- Rookie Proteas seamer Lizaad Williams wasn’t quite expecting to have to bowl on a “weird” Kingsmead surface on his Test debut.
- Despite finishing with fine figures of 3/54, he noted that bowlers basically had to do all their magic with an older ball as a new one gave little assistance.
- He believes that also explains why the third day of the first Test against Bangladesh drifted off a bit at times.
Lizaad Williams is delighted he could deliver a sizeable contribution to the Proteas’ bowling cause on his debut in the first Test against Bangladesh, but didn’t quite bank on being confronted with a “weird” Kingsmead pitch.
The wholehearted Titans seamer was undoubtedly South Africa’s best performer on a rather attritional and slow third day on Saturday, finishing with eminently useful figures of 3/54 from his 18.5 overs.
A highlight was an absolute corker of delivery on a good length to a well-set Litton Das, one that moved late and made a mess of the stumps.
“I’m delighted. Playing Test cricket has always been my dream and it’s been something I’ve been working towards,” said Williams.
“It’s the most difficult form of the game and you want to test yourself in those situations. It was great to have contributed.
“[It was a challenging day] because between Duanne [Olivier] and I we’re two different kinds of seamers.
“He naturally gets a bit more bounce, so he can probably be a bit fuller. I was trying to hit between 6m and 7m to get the ball to squat a bit.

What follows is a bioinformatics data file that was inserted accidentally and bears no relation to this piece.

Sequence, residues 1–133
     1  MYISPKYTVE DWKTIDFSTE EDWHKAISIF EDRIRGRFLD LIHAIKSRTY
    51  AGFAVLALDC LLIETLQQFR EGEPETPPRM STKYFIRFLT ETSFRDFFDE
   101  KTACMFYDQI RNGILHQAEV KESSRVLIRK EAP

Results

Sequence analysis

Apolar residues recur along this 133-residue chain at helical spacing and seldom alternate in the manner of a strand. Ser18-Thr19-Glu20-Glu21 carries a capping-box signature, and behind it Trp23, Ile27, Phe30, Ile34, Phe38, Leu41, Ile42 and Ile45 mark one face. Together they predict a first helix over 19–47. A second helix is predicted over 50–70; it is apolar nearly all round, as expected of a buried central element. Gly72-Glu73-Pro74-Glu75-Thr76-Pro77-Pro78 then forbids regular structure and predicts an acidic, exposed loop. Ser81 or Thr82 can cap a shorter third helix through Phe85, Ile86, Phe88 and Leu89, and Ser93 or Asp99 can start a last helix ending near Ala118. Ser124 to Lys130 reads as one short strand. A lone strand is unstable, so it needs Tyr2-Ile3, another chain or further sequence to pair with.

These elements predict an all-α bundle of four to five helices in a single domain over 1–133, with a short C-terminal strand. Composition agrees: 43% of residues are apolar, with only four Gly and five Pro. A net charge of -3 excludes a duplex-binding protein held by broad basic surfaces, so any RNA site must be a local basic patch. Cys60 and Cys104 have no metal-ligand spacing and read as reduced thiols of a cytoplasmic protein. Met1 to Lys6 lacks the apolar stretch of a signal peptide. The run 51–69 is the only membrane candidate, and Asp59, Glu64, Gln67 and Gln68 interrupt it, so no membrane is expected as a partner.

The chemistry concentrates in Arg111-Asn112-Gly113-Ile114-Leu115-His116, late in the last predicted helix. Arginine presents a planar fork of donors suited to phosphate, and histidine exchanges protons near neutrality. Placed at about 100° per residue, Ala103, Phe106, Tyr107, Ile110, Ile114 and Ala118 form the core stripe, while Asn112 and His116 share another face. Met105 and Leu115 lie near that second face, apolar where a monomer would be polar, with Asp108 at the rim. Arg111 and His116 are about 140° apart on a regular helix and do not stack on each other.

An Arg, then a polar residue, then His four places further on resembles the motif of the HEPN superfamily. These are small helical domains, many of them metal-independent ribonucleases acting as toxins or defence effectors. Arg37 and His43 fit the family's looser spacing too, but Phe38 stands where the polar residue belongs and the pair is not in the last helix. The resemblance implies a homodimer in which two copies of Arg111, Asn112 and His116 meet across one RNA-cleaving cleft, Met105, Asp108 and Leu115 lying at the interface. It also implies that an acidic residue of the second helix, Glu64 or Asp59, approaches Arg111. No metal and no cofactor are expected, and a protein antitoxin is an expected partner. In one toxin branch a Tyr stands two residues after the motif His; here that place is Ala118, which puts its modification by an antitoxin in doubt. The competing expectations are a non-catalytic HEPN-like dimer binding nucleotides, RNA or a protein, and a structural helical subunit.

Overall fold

“We bowled well as a unit, but we could’ve done better. There’s always an opportunity to improve, hopefully in the second innings.”
Ironically, the 28-year-old from Vredenburg’s best moment illustrated the peculiarity of the surface.
Williams got the old ball to proverbially talk in castling Litton, raising hopes that he would be even more lethal with the second new ball.
Instead, the attack struggled to make an impression.
“It’s a weird wicket, the new ball does a lot less than what the older ball does, which is not normal,” said Williams.
“It’s easier with older ball for some reason. I don’t know why, but it’s still a good thing because you bowl a lot more with an older ball than a new one.”
A consequence of the Proteas’ lack of consistent firepower was that it created the impression of a solid, traditional contest between bat and ball.
Yet Williams didn’t sound quite as convinced.
“I do feel once the ball gets older it’s difficult for both batters and bowlers to get going because it becomes soft. Then again, that’s why they call it Test cricket,” he said.
“It’s up to you to make it count. I haven’t played a lot of international cricket yet, but I do believe there’s a result possible on this wicket. It’s going to require hard work.”